Tuesday, 4 February 2014

Hedging my bets

This Sunday just gone couldn't have been more different to the previous one. Thunder, lightning and hail were replaced by bright sunshine. Great tits burst into song (they do this whenever there is a hint of spring in the air. Will they never learn?), blue tits prospected for nest sites and, most delightfully the first skylark song of the year rang out all day long.

There was still a fairly stiff breeze though. This is a price we pay here on The Fens in exchange for huge skies and 360 degrees of almost uninterrupted horizon. Another plus is that the breeze has managed to dry out the ground a little. The mud is now a little less slippy and a bit more sticky!

I've resisted surrounding our land with laurels or leylandii, but there are times when I wish there was a bit more shelter. The same goes for the chickens and my vegetable plants. Pigs and sheep don't seem so bothered.
Give it a couple of years and this will be a magnificent privet hedge.

So I have come up with a plan, but it's one that requires a fair degree of patience. I've decided to plant a series of hedges to break up the worst of the wind. I'd already done some of this with an edible hedgerow, which is growing and thickening up nicely, but at this time of year deciduous plants do little to stop a harsh wind blowing through.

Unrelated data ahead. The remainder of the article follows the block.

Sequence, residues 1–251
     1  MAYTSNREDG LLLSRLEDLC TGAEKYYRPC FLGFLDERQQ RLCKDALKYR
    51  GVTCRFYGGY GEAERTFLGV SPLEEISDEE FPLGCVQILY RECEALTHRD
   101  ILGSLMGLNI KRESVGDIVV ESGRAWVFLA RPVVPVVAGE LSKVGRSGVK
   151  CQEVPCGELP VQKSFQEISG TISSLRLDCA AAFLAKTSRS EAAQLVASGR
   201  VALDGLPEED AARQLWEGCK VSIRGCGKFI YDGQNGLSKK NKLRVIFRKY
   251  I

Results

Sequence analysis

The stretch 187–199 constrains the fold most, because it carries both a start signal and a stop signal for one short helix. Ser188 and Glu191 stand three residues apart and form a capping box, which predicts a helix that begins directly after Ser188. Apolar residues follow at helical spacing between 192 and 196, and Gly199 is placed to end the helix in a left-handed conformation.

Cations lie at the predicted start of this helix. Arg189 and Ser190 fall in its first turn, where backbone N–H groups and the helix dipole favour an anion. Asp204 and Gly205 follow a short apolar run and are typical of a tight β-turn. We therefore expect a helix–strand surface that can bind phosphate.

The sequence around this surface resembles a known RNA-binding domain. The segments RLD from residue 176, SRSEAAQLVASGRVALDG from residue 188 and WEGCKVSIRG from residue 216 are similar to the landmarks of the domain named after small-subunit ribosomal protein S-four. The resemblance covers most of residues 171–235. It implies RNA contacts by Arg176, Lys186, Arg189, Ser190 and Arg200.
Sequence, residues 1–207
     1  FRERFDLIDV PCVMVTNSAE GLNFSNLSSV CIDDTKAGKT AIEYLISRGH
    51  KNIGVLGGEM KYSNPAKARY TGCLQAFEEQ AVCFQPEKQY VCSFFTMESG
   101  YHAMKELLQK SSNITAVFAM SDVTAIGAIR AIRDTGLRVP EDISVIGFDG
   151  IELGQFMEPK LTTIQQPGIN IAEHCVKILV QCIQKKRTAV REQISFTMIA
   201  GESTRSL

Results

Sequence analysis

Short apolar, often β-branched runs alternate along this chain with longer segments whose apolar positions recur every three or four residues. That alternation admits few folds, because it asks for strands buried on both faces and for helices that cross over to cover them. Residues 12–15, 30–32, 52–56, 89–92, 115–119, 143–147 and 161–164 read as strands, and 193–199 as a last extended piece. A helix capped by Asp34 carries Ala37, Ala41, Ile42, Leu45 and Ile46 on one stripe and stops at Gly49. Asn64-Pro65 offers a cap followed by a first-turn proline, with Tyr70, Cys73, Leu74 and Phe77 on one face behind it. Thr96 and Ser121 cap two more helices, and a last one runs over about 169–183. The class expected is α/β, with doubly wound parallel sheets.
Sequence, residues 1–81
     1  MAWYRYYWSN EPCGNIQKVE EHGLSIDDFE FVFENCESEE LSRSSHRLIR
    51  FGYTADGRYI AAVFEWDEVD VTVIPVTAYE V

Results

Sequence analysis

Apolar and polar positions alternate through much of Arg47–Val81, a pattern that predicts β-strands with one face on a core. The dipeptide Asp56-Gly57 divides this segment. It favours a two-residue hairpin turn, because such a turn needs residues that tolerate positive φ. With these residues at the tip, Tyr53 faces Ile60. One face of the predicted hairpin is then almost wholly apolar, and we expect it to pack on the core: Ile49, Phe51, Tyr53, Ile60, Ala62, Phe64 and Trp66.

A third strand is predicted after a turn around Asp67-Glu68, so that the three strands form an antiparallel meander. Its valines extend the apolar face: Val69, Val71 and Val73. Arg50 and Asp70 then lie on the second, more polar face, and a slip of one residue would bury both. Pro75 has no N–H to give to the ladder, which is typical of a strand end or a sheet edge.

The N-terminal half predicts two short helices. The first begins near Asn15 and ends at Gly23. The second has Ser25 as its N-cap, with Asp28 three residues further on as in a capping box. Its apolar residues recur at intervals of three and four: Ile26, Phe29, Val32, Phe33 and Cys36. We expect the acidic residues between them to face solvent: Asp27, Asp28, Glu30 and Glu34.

So I spent this Sunday planting 150 bareroot plants. I purchased them on the internet and I have to say I was very pleased indeed with the quality of the plants. They had excellent root systems and should settle in very quickly. After yesterday's post about the merits of taking cuttings, I could have gone down the cuttings route for my hedges, but a three year heads start was, in this case, well worth it. I can always add the cuttings into the scheme if they take.

The main hedging plant I've used is good old privet. It holds most of its leaves throughout the year, it grows relatively quickly and its fairly easy to keep at a reasonable height, which means I can still scan the fields for birds and still enjoy expansive views. It's not the native form, but it still provides a very reasonable habitat and cover.
More privet to give the chickens a break from the wind.

I also purchased a moderate number of copper beech plants. These are, in fact, Sue's early Valentine's present as this is her favourite tree. Not just a good looker, copper beech also hangs onto its leaves through the winter when its kept as a hedge. Not only that, but they rustle. I love a bit of rustling.

The geese inspecting my new copper beech hedge.
Come back in five years and listen to them rustle
(the beech leaves, not the geese!)

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